Mexico, Canada and a handful of relatively small countries, including Chile, Dubai and Lebanon, are the only markets open to U.S. beef imports, thanks to continuing concerns regarding the spread of bovine spongiform encephalopathy.

But beef cattle producers and industry officials expect lucrative foreign markets in Asia and elsewhere to open up again soon, potentially later this year or early next year.

So it behooves producers who are interested in foreign trade to bring their businesses into compliance with the USDA Beef Export Verification program and to schedule the necessary audits so that they’re ready to participate in additional foreign trade opportunities as soon as they emerge.

“Feeders need to hustle now,” says Rick Majewski, director of international sales and marketing for Brawley Beef LLC in Brawley, Calif., adding that it can take several weeks or longer for USDA to complete the required audits.

“If the market opens at the end of this year, you want to do it safely and comfortably,” he says. And that means taking care of the necessary paperwork and audits beforehand.

USDA’s BEV program sets out the specific product requirements requested by the importing country. It also provides information on USDA’s verification process. The Quality System Assessment program, which is referenced in every BEV program, is the audit program used to verify the specific product requirements  —  in some cases this may include age verification and traceability.

Canada and Australia already have mandatory national animal-identification programs in place, and U.S. producers are increasingly seeing the value of establishing similar programs here.

“Traceability is going to be a huge issue,” says Todd Larimer, international sales manager for Washington Beef LLC, a Toppenish, Wash., subsidiary of Agri Beef Co., the first cattle-feeding company in the nation to secure HACCP and ISO 9001 certifications for its operations.

Indeed, while domestic retailers and foodservice companies increasingly demand verification of any number of beef traits, from genetics to diet, health background and handling practices, relatively few U.S. producers have developed trace-ability systems. This is partly because there has been little financial incentive to do so within the U.S.

But foreign markets offer lucrative sales opportunities for U.S. producers because they often purchase cuts of beef, such as tongues and boneless short ribs, that aren’t as popular here. Foreign sales can therefore complement domestic sales and make domestic cattle-feeding operations more profitable than would otherwise be the case.

“The primary hurdle for U.S. producers is to find a means to ensure that animal age and source information is maintained and transferred through the marketing chain in a manner that can be audited and verified,” says Joan Shaffer, a USDA spokeswoman. “To accomplish this,” she says, “producers must identify the animals in a manner that will permit tracking from birth to harvest.”

Brawley Beef is a case in point. The slaughter and fabrication company, based in southeastern California, tracks all of its animals from ranches in California’s Imperial Valley and southern Arizona. “We process approximately 1,700 head a day, so it’s easy for us to do group age verification,” Mr. Majewski says. “We can trace cattle fairly easily back to the calf ranch and dairy.”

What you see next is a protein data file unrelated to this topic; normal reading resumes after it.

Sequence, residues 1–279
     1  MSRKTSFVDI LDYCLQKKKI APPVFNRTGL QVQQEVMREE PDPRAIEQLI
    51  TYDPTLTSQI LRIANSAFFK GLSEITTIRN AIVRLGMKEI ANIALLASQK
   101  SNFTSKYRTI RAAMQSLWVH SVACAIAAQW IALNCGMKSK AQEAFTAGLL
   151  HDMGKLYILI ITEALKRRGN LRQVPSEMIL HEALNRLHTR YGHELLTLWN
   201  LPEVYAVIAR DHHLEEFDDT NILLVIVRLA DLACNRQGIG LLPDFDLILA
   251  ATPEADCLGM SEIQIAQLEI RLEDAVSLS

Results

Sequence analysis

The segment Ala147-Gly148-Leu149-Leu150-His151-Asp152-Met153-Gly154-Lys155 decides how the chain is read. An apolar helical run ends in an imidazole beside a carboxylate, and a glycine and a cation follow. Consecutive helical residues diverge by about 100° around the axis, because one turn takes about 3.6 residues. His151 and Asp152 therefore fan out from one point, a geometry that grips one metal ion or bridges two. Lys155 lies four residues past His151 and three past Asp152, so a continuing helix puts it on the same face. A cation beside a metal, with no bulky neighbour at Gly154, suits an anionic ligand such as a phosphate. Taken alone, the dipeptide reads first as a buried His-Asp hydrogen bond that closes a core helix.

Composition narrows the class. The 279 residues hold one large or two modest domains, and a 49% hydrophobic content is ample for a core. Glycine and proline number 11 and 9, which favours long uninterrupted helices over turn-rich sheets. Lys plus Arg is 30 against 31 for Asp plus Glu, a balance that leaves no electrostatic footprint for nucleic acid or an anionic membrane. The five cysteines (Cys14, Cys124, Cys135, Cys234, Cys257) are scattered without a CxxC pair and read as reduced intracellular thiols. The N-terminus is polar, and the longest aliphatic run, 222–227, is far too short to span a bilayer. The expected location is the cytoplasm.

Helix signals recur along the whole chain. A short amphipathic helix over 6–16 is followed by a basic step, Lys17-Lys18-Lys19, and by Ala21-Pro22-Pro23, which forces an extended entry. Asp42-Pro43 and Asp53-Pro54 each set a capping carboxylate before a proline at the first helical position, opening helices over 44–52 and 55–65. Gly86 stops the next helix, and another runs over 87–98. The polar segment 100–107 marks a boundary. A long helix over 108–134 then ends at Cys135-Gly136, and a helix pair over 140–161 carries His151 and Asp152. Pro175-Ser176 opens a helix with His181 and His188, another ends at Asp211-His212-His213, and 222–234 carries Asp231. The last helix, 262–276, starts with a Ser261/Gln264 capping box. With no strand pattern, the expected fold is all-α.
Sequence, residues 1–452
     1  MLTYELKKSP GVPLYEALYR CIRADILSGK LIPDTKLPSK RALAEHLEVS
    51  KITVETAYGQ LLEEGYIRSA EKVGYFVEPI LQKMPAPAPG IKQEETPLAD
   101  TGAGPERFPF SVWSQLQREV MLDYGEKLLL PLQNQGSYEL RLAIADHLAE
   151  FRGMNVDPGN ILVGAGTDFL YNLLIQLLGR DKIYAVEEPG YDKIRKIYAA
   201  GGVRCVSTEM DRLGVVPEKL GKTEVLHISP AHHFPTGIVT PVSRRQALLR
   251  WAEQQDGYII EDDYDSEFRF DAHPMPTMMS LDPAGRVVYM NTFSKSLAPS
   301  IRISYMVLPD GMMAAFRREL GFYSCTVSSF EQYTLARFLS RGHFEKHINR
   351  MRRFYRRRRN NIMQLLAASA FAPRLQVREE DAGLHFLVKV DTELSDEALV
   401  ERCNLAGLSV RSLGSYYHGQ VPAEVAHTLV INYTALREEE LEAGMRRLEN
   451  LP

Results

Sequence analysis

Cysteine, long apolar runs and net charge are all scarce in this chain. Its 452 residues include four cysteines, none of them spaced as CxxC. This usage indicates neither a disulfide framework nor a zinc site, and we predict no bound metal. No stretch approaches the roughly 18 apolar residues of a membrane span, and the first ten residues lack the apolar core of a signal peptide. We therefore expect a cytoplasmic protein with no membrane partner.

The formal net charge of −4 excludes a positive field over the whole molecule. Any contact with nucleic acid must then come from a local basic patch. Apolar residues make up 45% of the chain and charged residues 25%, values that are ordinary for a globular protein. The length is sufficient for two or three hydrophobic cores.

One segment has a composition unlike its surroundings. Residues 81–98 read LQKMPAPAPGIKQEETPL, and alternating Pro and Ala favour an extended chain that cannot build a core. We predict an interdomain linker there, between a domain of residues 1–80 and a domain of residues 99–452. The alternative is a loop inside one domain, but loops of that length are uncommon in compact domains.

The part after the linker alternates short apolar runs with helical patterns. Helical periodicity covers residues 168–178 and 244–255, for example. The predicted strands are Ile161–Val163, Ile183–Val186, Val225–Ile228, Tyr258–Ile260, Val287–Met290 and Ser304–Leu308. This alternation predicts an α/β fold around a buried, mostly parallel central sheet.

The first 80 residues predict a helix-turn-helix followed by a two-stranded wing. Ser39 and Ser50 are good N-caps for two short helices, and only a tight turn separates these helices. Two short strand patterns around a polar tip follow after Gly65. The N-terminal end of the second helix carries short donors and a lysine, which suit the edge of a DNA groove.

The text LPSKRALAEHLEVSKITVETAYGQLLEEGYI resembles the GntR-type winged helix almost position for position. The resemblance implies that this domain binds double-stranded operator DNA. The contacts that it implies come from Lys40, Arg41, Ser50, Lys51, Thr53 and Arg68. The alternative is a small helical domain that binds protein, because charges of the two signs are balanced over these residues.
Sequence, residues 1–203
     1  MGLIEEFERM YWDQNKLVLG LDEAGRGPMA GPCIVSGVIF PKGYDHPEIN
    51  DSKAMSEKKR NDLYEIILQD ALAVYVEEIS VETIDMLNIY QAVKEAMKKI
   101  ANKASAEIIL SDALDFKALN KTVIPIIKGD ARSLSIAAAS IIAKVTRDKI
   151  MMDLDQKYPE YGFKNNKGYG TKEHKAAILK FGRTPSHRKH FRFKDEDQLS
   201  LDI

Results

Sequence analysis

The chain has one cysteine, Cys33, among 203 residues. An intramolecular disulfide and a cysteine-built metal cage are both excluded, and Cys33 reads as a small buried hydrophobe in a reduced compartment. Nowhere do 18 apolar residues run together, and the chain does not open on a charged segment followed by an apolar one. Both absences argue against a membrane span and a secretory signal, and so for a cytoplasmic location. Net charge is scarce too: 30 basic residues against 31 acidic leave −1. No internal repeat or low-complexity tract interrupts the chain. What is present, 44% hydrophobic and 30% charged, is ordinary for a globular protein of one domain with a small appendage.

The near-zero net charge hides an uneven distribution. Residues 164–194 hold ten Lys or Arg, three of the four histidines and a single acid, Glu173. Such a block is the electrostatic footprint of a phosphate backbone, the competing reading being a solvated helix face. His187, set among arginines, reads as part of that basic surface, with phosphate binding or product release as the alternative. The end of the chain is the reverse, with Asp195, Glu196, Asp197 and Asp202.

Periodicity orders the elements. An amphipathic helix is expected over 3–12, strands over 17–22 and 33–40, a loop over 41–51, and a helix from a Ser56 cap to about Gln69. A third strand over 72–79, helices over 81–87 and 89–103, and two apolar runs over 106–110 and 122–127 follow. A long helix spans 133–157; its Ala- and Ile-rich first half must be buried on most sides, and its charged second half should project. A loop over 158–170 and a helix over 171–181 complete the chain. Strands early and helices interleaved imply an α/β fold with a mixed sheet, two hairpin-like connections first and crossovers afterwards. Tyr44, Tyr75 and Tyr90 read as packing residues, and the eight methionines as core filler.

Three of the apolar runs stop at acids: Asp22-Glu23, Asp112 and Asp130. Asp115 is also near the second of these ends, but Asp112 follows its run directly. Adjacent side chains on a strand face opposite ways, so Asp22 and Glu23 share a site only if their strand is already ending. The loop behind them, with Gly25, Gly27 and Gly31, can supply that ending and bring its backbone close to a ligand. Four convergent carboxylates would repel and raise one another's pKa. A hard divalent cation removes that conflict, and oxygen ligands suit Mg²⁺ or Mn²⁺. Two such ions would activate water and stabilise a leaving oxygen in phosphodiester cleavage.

Washington Beef, for its part, has similar tracking capabilities, Mr. Larimer says, adding that the Yakima Valley company plans to integrate more and more of its supplier feedlots into its animal-tracking and identification programs.

Before beef cattle producers can begin to consider marketing their beef overseas, they must participate in an approved USDA Quality System Assessment program, which documents that processes meet program specifications.

The QSA program specifies that beef intended for export is traceable to its point of origin. It also includes requirements to ensure that feedyard personnel are properly trained and that systems are in place to receive ongoing customer feedback so that corrective actions can be taken as needed.

Information is readily available on USDA’s Web site to help beef cattle producers learn about the specific BEV and QSA requirements so they can develop a plan to export the particular beef products to foreign markets that are of interest to them. USDA audits are among the toughest hurdles in this process.

“They’ll want to visit your dairies, your calf ranches, your feedyards,” says Terri Hall, vice president of technical services and QSA manager for Brawley Beef. “They’ll want to review your paperwork to make sure you can do what you say you’re going to do.” Ms. Hall adds that USDA audits typically occur every six months after a company has been accepted into the BEV program.

Self-audits are also required. “You should initiate your own corrective actions when needed and document those,” Ms. Hall says. “When (USDA auditors) do come and review your operations, you must show that you identified any non-conformances, corrected those non-conformances and implemented necessary preventative measures. You must audit your system objectively and effectively for continuous improvements.”

Such requirements are important, she adds, because complaints or problems involving one company could potentially affect the whole industry.

Mr. Larimer, for his part, says U.S. feedyard operators need to take the initiative now to modernize their operations and develop the kinds of tracking and animal-identification capabilities that are already in use in Canada and Australia. “You’ve got to look to the future,” he says, “and not to the way things were done in the past.”

Additional details of the BEV and QSA programs can be found at